ST. PETERSBURG — Bishop Robert Nugent Lynch stood under the dome of the cavernous cathedral he rebuilt and looked out at the faces of priests he had ordained over the years. The sun was setting; the sky changed color through the glass walls he had commissioned. If ever there was a physical apex of his legacy in his last year at the helm of the Diocese of St. Petersburg, this was it.
It had been 20 years to this day, Jan. 26, that he lay prostrate at this altar at St. Jude the Apostle, inheriting a flock of more than 325,000 Roman Catholics in five counties stretching north to Citrus. That day, in 1996, he thought he knew what this job would bring....
11/11/16 Human Interest
The brass medal rested between satin and crushed gold velvet on a junk table at a dusty Orlando flea market.
The seller wanted $10.
Ken Gifford, sales manager for Independence RV in Winter Garden, saw it there one Saturday morning a decade ago when he stopped in on his way to work. He picked it up and ran his fingers over the smooth brass profile of George Washington. He turned it over. Etched on the other side were the words For Military Merit and beneath that, Wallace J. Allen....
At 7 p.m. on Tuesday, a supervisor poked her head out of the double doors of a voting precinct in the University of South Florida student center. "Ladies and gentlemen," she announced, "the polls are closing." Four minutes too late, a young woman showed up, in tears. All she or anyone else could do now was wait.
It was a cool, clear evening in Tampa Bay, home to some of the most crucial counties in one of the most crucial states in the most divisive election in modern American history....
Inside Room 420 at Florida State Hospital, two roommates clashed in the dark.
Anyone who paid attention to their recent behavior, who compared their size and age, could see they should not have been together in the same bedroom.
Ruben J. Quinones, a 60-year-old who weighed less than the average woman, had spent most of his life in a mental hospital. He was severely schizophrenic, sometimes ate from the trash and walked with a limp. Within the span of a few months, he had been the victim of two documented incidents of aggression. ...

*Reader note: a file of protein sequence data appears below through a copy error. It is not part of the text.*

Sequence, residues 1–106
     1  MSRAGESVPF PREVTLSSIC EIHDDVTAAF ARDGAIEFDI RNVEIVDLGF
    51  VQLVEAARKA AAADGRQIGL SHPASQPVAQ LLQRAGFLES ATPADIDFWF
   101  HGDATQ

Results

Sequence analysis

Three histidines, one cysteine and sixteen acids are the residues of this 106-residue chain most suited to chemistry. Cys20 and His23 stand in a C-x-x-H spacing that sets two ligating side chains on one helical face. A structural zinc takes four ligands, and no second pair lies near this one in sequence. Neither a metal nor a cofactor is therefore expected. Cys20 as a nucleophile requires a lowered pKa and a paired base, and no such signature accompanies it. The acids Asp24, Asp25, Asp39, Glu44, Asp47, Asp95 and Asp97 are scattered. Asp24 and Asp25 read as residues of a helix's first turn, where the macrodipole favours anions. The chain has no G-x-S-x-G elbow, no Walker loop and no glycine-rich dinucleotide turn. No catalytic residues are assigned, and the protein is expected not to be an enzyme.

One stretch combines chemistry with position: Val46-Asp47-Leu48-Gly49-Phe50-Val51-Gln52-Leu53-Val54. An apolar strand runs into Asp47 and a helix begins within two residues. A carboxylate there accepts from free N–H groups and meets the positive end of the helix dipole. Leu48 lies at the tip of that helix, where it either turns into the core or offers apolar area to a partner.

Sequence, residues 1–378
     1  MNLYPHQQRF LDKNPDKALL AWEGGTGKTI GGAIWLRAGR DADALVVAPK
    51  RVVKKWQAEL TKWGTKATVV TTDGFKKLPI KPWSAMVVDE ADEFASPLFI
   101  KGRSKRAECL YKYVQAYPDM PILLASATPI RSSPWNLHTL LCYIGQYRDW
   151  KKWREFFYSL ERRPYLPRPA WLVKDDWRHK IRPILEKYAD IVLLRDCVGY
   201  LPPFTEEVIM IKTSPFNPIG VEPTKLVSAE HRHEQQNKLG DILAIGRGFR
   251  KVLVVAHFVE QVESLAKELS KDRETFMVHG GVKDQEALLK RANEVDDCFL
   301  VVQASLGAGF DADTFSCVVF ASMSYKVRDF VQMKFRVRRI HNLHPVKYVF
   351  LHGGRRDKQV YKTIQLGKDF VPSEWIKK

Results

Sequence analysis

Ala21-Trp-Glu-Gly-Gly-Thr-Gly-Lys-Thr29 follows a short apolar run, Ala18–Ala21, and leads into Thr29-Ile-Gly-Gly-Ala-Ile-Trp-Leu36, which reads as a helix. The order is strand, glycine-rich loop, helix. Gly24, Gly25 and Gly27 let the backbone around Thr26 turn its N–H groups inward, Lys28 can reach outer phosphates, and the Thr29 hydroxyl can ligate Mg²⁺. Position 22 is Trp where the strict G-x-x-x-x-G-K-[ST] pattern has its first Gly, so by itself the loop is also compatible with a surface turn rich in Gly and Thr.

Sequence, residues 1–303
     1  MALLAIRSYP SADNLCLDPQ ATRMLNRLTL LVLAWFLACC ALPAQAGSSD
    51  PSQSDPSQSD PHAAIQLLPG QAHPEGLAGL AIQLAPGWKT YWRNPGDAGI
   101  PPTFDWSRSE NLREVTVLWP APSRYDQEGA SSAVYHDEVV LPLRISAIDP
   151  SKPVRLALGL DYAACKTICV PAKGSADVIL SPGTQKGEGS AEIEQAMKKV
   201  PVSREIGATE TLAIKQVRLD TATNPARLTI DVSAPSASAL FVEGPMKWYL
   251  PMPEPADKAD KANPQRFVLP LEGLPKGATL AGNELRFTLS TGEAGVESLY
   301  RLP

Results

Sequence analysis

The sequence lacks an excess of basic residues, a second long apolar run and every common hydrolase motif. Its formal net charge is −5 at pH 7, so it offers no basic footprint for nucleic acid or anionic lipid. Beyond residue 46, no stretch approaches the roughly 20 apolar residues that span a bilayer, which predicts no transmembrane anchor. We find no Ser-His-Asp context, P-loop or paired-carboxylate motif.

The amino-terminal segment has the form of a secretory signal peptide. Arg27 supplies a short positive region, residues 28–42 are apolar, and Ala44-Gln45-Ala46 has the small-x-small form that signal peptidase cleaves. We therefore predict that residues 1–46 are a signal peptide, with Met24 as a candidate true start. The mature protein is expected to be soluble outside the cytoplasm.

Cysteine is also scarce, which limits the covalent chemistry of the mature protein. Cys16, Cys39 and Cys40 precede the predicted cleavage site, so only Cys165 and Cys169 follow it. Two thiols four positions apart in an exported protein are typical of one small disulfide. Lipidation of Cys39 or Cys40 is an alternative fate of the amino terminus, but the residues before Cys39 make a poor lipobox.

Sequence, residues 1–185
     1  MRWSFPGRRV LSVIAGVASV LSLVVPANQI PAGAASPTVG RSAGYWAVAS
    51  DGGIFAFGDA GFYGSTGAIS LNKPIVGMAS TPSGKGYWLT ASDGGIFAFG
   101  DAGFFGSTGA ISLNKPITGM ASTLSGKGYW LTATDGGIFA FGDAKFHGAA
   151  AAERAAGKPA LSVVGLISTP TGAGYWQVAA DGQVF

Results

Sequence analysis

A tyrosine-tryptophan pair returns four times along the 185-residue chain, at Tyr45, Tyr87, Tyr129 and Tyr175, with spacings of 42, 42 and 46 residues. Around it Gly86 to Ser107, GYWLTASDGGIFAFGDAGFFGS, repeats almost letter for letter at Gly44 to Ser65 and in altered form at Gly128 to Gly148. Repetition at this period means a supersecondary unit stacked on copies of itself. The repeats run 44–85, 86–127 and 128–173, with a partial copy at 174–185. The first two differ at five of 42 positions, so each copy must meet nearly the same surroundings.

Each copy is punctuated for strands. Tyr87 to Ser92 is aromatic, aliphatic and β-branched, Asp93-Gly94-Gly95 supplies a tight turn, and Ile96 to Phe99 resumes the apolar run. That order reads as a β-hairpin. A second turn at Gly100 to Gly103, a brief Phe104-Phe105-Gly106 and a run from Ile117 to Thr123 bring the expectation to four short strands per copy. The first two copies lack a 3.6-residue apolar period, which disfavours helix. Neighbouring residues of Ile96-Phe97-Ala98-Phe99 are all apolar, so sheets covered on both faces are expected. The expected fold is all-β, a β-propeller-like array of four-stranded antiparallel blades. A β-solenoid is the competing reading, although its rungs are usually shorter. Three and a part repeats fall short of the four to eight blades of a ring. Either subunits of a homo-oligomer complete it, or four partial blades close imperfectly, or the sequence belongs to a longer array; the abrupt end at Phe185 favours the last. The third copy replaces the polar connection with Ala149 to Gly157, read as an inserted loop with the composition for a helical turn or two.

09/01/16 Human Interest
LEALMAN — In July, the Tampa Bay Times ran a story about a woman struggling with food addiction. Cheryl Dixon, 44, shared how she sometimes ate 14 times a day and struggled to stop herself from topping 300 pounds.
The day the story was published, Cheryl read it and saw what others saw. She felt sick.
"The article gave me a mirror to look at, where I saw how bad I got," Cheryl says. "I was in complete disgust, and it made me want to change my life."...
She's not at the Olympics — yet — but this 6-year-old swimmer is learning what excellence takes (w/video)08/17/16 Human Interest
ST. PETERSBURG — She's sitting on the pool deck, chin between her knees, gazing at her feet. She peeks at the swim heats written on her arm in black Sharpie. Time for her favorite, the butterfly.
Her father is volunteer head timer. He tries to stand there nonchalantly amid the throng of onlookers, but he is tense. Forty years ago, this was him. Now it's her.
Brinkleigh Bo Hansen, 6, dives into the North Shore Pool just as the whistle goes off, but she hits the water belly first, and there goes her momentum....
07/24/16 Human Interest
LEALMAN — From a faded green recliner in her tiny mobile home, Cheryl Dixon punched a number into her phone. Behind her, kitchen cabinets burst with Hamburger Helper and ramen noodles, bags of doughnuts and Cocoa Diamonds cereal.
"I'm Cheryl from St. Pete," she said. "Can I share?"
In the past year, for the first time in her life, she had reached almost 300 pounds. She was 44 and already diagnosed with diabetes. Her doctor warned that if she didn't change her eating habits, she would likely die....
Florida will hire a top-level administrator to find ways to curb violence and improve medical care at state mental hospitals.